scales from front top downwards: LL from 1.1 - 104, A/B,C/D, LL from
0.91 - 10-4, i.e. a two cycle positive and a two cycle negative
log-log scale. The log-log scales are
related to the A and B scales appropriately.
Perry developed the log-log scales to achieve the optimum (in his
opinion) range and accuracy. At that
time the use of e = 2.718 had not yet been selected as a base for the
arrangement of log-log scales, Perry took 2.51 as the base for his scales, 2.5110
= 104, and 2.510.1 = 1.097 respectively.
Figure 3: Nestler Perry Slide Rule
The reverse of the slide had the usual S and T
scales as on System Mannheim slide rules
Nestler extended the ideas of the Perry slide
rule design into an improvement of the original System Peter, Model No 35. This had two Log-log scales similar to those
of the Perry but with a base 2.2 and with the sin.cos and cos² scales for
tacheometric/stadia calculations on the rear of the slide (9). Upper LL scale: 2.210 = 2.65 x 103,
and 2.20.1 = 1.082 respectively; lower LL scale: 2.2-0.1
= 0.924. See Figure 4.
Figure 4: Nestler Peter Slide Rule
The development of log-log scales on slide rules
reached its peak some 30 years later in the development of the Darmstadt scales
by Alwin Walter.
Professor Dr. Walther, Figure 5, was Professor of
Applied Mathematics at the Technical University in Darmstadt, Germany, from
1928 to 1966. He was another strong
champion of mathematical teaching to all - mathematicians, natural scientists
but especially to engineers. He founded
the IPM (Institute for Practical Mathematics) making the link from
mathematics to information technology; and he was a leading developer of
computers in Germany.
Figure 5: Dr. Alwin Walther
However, in 1934 slide rules were still
completely relevant. Together with his
team, Prof. Walther developed the Darmstadt slide rule layout which was to
become one of the most popular standards for engineers lasting until about 1950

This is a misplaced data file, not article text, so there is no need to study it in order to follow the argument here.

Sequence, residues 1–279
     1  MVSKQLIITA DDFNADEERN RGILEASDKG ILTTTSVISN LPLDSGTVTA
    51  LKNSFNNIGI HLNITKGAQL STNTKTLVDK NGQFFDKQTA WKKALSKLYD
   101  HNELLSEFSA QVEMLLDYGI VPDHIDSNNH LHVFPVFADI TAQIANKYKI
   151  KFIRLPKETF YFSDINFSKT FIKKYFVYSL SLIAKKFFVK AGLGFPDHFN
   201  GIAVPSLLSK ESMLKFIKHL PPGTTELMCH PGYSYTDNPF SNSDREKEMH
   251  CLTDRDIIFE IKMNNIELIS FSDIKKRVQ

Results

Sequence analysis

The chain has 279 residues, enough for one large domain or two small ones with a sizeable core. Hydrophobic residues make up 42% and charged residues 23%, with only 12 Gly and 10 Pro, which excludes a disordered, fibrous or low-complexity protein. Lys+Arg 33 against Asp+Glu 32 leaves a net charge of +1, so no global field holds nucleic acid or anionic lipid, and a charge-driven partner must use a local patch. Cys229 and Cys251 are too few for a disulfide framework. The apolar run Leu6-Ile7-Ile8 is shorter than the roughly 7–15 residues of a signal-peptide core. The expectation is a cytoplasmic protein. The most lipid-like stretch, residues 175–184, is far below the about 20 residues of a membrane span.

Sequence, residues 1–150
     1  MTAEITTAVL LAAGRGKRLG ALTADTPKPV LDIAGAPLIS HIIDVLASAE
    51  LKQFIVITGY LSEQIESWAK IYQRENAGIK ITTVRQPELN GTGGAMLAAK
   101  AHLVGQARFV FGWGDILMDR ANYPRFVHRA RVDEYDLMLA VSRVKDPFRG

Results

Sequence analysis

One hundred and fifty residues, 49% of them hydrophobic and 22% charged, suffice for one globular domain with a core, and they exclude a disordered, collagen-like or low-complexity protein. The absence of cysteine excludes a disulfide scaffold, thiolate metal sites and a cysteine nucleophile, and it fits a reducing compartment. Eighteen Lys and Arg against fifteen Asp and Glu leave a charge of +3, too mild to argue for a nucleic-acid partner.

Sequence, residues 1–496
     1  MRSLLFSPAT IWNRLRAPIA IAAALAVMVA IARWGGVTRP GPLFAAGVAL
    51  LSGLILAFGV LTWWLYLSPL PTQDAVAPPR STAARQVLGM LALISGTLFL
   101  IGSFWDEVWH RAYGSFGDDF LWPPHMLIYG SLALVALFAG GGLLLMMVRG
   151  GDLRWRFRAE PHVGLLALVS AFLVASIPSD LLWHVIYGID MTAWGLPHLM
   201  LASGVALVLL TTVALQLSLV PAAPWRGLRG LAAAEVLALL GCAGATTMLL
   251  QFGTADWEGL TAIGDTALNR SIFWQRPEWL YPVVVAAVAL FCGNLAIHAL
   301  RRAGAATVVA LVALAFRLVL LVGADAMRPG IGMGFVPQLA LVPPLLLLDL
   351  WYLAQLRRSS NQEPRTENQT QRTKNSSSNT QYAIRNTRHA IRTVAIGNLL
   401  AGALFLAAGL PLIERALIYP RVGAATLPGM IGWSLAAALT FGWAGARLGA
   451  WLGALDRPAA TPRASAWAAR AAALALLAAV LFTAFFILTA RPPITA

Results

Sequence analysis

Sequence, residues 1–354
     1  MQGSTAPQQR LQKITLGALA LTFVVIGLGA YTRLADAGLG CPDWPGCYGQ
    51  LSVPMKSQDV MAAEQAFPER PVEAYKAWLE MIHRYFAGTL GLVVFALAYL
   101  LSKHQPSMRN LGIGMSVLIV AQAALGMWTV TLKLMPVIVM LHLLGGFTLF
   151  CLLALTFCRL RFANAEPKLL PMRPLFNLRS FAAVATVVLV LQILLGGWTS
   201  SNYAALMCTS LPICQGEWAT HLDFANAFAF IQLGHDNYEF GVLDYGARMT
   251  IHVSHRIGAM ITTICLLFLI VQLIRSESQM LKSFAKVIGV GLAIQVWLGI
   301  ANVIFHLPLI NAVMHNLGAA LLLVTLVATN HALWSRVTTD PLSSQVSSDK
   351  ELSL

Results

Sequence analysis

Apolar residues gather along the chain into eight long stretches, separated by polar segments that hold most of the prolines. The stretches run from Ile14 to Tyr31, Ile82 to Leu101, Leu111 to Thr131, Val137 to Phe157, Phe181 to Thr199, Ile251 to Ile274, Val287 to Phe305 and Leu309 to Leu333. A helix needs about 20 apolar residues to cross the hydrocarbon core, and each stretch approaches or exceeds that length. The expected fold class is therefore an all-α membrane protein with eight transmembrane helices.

when it was replaced by Duplex slide rules with widely expanded ranges of
The Darmstadt system was a single sided design
with the following layout: L,K,A/B,CI,C/D,P,S,T on the front, but the usual
trigonometric scales on the reverse of the slide replaced with three log-log
scales (from 1.01 to 100,000). The
unusual placement of the log-log scales on the rear of the slide rather than
the more usual front of the rule caused no problems in practice, and the model
became very popular.
All three major German manufacturers,
Faber-Castell, Aristo - Dennert & Pape and Nestler, made Darmstadt
rules. Faber-Castell were the first to
manufacture a Darmstadt rule and became the leader of this design with 12.5cm,
25cm, and 50cm versions. The most
popular design was the Faber-Castell 1/54 (25cm) Darmstadt rule made of
pearwood with celluloid facings, see Figure 6.
Figure 6: Faber-Castell 1/54 Darmstadt Slide Rule
Notes in the slide rule instruction manual
referred to the authorship of Dr. Walther and his team and made his name and
"Darmstadt" well known. A
comprehensive contribution to dating Faber-Castell System Darmstadt slide rules
(1935 - 1976) was published some years ago (10). The Darmstadt arrangement was adopted by
European (including British) manufacturers and also by Sun-Hemmi in Japan, but
not any of the American manufacturers (11).
We can see how two very important mathematicians
acted very successfully in the same way, one in England at around the turn of